WILLMAR -- When a woman who's fighting chemical dependency sits in a counseling session with a group of men, the mind games and the horrors of their addictions can creep in and make recovery difficult.
Experiences of being intimidated or sexually abused by men, or experiences of competing for and winning a man's attention in order to boost self-esteem or to get someone to buy them drinks or drugs, can become mingled with the therapy session.
But if those same women are in a room without men, the tenor of the talk changes dramatically, said Jeanine Porter, a licensed alcohol and drug counselor with Divine Hope Counseling.
When women get together "they see they're not alone," she said. They talk more and start to focus on their own recovery instead of thinking about the man across the room.
Lori Hanson, also a licensed alcohol and drug counselor at Divine Hope, compares it to how teen girls talk to each other at a slumber party versus how they act at a high school pep rally.
Creating an atmosphere and providing therapy where women can launch their recovery is the focus of Divine Hope Counseling, a business that's opened its doors recently in Willmar.
Hanson and Porter are providing their outpatient services pro bono until final insurance contracts are completed. Last month the Kandiyohi County Board of Commissioners approved a contract that will allow the county to make referrals.
Their business provides a "holistic" and "person-centered" approach to chemical dependency and to individuals with a dual diagnosis of chemical dependency and mental illness. They cater to women who are 18 and older. Unlike most outpatient chemical abuse treatment centers, they hold sessions in daytime hours.
Addictions in women are often "shame-based" and women are often "the silent" addict, said Porter. They may be women who are raising children, good neighbors and involved in their community but are quietly and secretly consuming drugs or alcohol. Their addictions may only come to light -- to the surprise of many around her -- when they get caught.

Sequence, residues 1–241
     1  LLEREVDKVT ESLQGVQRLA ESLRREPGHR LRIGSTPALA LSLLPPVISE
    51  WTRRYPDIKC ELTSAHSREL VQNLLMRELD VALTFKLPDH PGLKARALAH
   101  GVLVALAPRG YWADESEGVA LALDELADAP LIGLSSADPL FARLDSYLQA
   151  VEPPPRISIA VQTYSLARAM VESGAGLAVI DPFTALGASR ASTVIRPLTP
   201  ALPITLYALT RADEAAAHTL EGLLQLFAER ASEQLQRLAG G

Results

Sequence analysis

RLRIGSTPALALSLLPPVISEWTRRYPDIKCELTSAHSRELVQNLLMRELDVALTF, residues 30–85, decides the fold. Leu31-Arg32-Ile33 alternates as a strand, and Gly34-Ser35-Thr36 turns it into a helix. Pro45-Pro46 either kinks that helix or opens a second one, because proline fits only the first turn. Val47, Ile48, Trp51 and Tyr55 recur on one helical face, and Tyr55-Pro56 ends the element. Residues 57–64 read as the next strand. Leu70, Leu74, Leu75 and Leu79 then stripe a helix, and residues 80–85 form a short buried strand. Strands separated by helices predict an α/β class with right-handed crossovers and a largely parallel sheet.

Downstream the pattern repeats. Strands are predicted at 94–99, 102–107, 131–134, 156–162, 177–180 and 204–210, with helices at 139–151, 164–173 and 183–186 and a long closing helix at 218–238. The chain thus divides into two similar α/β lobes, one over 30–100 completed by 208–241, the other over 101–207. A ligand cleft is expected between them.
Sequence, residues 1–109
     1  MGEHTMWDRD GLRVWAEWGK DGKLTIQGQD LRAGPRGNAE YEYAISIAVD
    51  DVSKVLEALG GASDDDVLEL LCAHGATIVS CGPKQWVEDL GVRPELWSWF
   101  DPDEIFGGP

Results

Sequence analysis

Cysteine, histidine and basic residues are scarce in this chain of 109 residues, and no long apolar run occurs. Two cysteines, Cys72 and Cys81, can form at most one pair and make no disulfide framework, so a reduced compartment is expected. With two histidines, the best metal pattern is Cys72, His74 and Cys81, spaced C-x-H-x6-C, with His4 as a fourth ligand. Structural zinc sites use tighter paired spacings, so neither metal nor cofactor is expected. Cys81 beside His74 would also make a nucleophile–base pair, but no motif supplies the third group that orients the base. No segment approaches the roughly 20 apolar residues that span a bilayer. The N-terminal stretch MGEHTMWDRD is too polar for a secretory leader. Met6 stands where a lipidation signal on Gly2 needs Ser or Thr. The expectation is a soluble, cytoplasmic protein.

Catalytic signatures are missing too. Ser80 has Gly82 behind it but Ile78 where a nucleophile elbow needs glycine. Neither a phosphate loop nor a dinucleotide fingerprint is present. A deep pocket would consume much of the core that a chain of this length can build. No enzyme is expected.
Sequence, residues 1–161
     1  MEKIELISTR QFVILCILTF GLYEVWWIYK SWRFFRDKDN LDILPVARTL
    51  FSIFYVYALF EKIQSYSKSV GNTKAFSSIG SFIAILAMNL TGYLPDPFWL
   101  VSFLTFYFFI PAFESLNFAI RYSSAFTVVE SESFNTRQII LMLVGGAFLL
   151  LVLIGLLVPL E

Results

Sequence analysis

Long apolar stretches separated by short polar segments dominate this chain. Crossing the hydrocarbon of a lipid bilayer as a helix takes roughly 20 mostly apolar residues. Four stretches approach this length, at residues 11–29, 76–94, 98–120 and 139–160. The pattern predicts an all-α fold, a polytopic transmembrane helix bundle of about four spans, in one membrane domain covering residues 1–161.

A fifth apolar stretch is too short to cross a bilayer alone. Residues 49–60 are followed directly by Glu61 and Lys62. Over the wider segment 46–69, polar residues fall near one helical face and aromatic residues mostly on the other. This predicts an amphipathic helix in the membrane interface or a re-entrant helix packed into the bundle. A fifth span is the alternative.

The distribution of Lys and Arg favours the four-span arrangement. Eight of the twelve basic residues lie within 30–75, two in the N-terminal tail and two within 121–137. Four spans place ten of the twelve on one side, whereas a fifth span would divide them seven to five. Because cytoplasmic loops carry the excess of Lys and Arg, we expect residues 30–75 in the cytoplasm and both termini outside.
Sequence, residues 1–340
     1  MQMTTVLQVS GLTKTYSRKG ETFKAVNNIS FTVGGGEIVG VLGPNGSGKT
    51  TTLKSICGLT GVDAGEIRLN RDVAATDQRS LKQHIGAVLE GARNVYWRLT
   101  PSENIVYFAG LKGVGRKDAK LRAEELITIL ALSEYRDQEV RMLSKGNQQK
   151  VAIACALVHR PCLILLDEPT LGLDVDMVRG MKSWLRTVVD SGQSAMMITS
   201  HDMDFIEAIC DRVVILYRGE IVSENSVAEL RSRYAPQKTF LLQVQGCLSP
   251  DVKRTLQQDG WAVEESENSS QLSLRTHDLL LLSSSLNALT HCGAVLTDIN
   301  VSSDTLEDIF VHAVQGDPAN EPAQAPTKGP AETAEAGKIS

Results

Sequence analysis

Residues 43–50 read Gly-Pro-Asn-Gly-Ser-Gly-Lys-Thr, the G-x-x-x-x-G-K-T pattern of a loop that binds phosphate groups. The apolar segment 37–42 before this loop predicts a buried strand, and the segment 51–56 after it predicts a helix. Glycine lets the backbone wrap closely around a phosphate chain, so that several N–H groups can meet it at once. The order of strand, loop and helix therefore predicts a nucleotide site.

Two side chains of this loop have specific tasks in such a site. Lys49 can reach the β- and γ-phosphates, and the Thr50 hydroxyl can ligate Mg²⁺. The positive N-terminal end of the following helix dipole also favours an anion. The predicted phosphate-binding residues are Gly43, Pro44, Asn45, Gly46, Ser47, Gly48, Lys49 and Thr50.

A driving while impaired charge, for example, can be a shocking wake-up call and awareness of a longtime addiction, said Porter.
Only a small percentage of female addicts are habitually in trouble with the law, she said. Most are ordinary women who are closet addicts.
When women first start attending treatment sessions, they are "very quiet," said Porter. But it doesn't take long before the women start to realize their stories are the same as many other women sitting in the circle. "Their eyes get bigger and bigger," said Porter. "It's like a light bulb."
Having group treatment sessions with just women can make the participants feel safe, said Porter.
"You see an absolute and immediate comfort level. They have no armor on whatsoever," said Hanson. "The façade is gone."
Porter has worked with women from 18 to 70 and the "dynamics are just unbelievable" between women of different ages who share one thing in common: chemical dependency.
Besides Hanson and Porter, the treatment team includes Cheryl Walter as a spiritual mentor and Pam Kubesh as a mental health specialist. Those components are not usually offered in outpatient programs, said Hanson.
By keeping groups to six to eight people, they are also able to take time to work with people with special needs.
Another component of their business is to provide education for senior citizens, both men and women, about the dangers of becoming dependent on prescription medications. The team meets with groups or individuals, including those in senior housing complexes, to discuss the dangers and signs of abusing prescription drugs.
Divine Hope Counseling will be hosting an open house all week, from noon to 5 p.m. every day. They are located at 322 Second St. S.W., Suite 2, in Willmar. For more information call 320-231-9763.